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Trans fatty acids - effects on systemic inflammation and endothelial function.

Abstract

Consumption of trans fatty acids (TFA) predicts higher risk of coronary heart disease, sudden death, and possibly diabetes mellitus. These associations are greater than would be predicted by effects of TFA on serum lipoproteins alone. Systemic inflammation and endothelial dysfunction may be involved in the pathogenesis of atherosclerosis, acute coronary syndromes, sudden death, insulin resistance, dyslipidemia, and heart failure. Evidence from both observational and experimental studies indicates that TFA are pro-inflammatory. Limited evidence suggests that pro-inflammatory effects may be stronger for trans isomers of linoleic acid (trans-C18:2) and oleic acid (trans-C18:1), rather than of palmitoleic acid (trans-C16:1), but further study of potential isomer-specific effects is needed. TFA also appear to induce endothelial dysfunction. The mechanisms underlying these effects are not well-established, but may involve TFA incorporation into endothelial cell, monocyte/macrophage, or adipocyte cell membranes (affecting membrane signaling pathway relating to inflammation) or ligand-dependent effects on peroxisome proliferator-activated receptor (PPAR) or retinoid X receptor (RXR) pathways. Activation of inflammatory responses and endothelial dysfunction may represent important mediating pathways between TFA consumption and risk of coronary heart disease, sudden death, and diabetes. Further study is indicated to define these effects of TFA and the implications of such effects for cardiovascular health.

Links

  • Publisher Full Text
  • Authors+Show Affiliations

    The Channing Laboratory, Department of Medicine, Brigham and Women's Hospital and Harvard Medical School, Boston, MA, USA. dmozaffa@hsph.harvard.edu

    Source

    Atherosclerosis. Supplements 7:2 2006 May pg 29-32

    MeSH

    Atherosclerosis
    Coronary Disease
    Dietary Fats, Unsaturated
    Endothelium, Vascular
    Humans
    Inflammation
    Peroxisome Proliferator-Activated Receptors
    Retinoid X Receptors
    Signal Transduction
    Trans Fatty Acids

    Pub Type(s)

    Journal Article
    Research Support, N.I.H., Extramural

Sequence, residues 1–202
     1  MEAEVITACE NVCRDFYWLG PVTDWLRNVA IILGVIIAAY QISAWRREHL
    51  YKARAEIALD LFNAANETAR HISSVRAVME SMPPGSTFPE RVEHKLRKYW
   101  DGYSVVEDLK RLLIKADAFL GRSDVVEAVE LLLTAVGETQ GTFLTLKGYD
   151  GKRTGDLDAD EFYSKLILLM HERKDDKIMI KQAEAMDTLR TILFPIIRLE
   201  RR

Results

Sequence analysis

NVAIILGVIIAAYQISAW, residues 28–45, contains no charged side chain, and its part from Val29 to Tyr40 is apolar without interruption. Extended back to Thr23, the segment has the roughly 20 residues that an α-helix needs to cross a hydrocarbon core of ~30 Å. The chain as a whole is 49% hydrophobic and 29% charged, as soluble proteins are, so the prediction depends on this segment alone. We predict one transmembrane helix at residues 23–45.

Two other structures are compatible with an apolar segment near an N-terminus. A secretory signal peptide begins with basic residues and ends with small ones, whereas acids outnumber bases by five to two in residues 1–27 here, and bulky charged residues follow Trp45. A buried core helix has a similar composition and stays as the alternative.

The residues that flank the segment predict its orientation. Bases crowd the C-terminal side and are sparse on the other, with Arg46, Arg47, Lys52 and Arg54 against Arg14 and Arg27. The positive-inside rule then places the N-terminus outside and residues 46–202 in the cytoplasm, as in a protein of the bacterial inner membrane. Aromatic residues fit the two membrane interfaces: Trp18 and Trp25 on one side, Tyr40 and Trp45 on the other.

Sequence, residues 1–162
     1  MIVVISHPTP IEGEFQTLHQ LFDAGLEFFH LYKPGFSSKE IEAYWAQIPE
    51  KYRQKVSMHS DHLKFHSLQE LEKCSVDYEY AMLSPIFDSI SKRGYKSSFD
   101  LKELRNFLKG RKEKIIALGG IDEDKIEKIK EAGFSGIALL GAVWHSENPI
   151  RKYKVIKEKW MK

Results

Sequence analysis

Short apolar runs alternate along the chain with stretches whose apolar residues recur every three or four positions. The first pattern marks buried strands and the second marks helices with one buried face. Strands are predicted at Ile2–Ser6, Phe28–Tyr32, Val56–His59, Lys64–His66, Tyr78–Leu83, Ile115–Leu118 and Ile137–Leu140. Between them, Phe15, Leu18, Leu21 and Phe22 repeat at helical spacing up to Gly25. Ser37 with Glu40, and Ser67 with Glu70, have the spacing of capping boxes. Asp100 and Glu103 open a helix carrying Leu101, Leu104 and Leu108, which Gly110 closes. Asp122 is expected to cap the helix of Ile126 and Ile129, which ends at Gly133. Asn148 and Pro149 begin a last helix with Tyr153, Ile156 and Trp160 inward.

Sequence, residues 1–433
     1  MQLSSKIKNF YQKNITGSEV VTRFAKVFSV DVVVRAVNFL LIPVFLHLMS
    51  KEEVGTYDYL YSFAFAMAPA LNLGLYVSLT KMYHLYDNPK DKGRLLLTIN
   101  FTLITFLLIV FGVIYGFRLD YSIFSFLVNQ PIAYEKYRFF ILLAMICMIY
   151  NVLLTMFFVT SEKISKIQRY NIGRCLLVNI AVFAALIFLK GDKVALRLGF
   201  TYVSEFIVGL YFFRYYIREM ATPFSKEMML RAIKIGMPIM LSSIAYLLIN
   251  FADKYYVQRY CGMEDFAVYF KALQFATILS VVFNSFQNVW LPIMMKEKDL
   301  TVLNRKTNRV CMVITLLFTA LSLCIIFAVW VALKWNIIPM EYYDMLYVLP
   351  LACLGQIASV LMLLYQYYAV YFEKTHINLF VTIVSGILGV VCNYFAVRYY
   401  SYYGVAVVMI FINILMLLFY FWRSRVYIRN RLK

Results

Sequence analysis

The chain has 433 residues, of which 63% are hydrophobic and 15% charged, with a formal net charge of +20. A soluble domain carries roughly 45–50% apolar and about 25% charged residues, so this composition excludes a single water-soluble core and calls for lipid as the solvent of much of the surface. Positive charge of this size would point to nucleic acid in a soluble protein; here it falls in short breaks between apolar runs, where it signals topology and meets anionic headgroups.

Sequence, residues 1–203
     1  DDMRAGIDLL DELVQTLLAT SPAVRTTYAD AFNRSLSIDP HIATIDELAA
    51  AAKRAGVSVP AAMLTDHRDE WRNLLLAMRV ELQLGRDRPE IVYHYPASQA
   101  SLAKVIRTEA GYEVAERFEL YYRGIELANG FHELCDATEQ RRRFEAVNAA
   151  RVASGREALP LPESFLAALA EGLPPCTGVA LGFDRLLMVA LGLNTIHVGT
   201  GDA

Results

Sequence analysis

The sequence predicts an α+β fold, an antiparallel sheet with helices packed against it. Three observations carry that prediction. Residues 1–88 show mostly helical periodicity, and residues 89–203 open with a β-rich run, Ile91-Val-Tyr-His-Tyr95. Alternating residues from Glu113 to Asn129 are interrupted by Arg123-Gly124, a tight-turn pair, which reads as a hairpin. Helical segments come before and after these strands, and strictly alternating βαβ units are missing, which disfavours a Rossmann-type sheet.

Review

    Language

    eng

    PubMed ID

    16713393

    Citation

    Mozaffarian, Dariush. "Trans Fatty Acids - Effects On Systemic Inflammation and Endothelial Function." Atherosclerosis. Supplements, vol. 7, no. 2, 2006, pp. 29-32.
    Mozaffarian D. Trans fatty acids - effects on systemic inflammation and endothelial function. Atheroscler Suppl. 2006;7(2):29-32.
    Mozaffarian, D. (2006). Trans fatty acids - effects on systemic inflammation and endothelial function. Atherosclerosis. Supplements, 7(2), pp. 29-32.
    Mozaffarian D. Trans Fatty Acids - Effects On Systemic Inflammation and Endothelial Function. Atheroscler Suppl. 2006;7(2):29-32. PubMed PMID: 16713393.
    * Article titles in AMA citation format should be in sentence-case
    TY - JOUR T1 - Trans fatty acids - effects on systemic inflammation and endothelial function. A1 - Mozaffarian,Dariush, Y1 - 2006/05/18/ PY - 2006/5/23/pubmed PY - 2006/11/15/medline PY - 2006/5/23/entrez SP - 29 EP - 32 JF - Atherosclerosis. Supplements JO - Atheroscler Suppl VL - 7 IS - 2 N2 - Consumption of trans fatty acids (TFA) predicts higher risk of coronary heart disease, sudden death, and possibly diabetes mellitus. These associations are greater than would be predicted by effects of TFA on serum lipoproteins alone. Systemic inflammation and endothelial dysfunction may be involved in the pathogenesis of atherosclerosis, acute coronary syndromes, sudden death, insulin resistance, dyslipidemia, and heart failure. Evidence from both observational and experimental studies indicates that TFA are pro-inflammatory. Limited evidence suggests that pro-inflammatory effects may be stronger for trans isomers of linoleic acid (trans-C18:2) and oleic acid (trans-C18:1), rather than of palmitoleic acid (trans-C16:1), but further study of potential isomer-specific effects is needed. TFA also appear to induce endothelial dysfunction. The mechanisms underlying these effects are not well-established, but may involve TFA incorporation into endothelial cell, monocyte/macrophage, or adipocyte cell membranes (affecting membrane signaling pathway relating to inflammation) or ligand-dependent effects on peroxisome proliferator-activated receptor (PPAR) or retinoid X receptor (RXR) pathways. Activation of inflammatory responses and endothelial dysfunction may represent important mediating pathways between TFA consumption and risk of coronary heart disease, sudden death, and diabetes. Further study is indicated to define these effects of TFA and the implications of such effects for cardiovascular health. SN - 1567-5688 UR - https://www.unboundmedicine.com/medline/citation/16713393/full_citation L2 - https://linkinghub.elsevier.com/retrieve/pii/S1567-5688(06)00032-8 DB - PRIME DP - Unbound Medicine ER -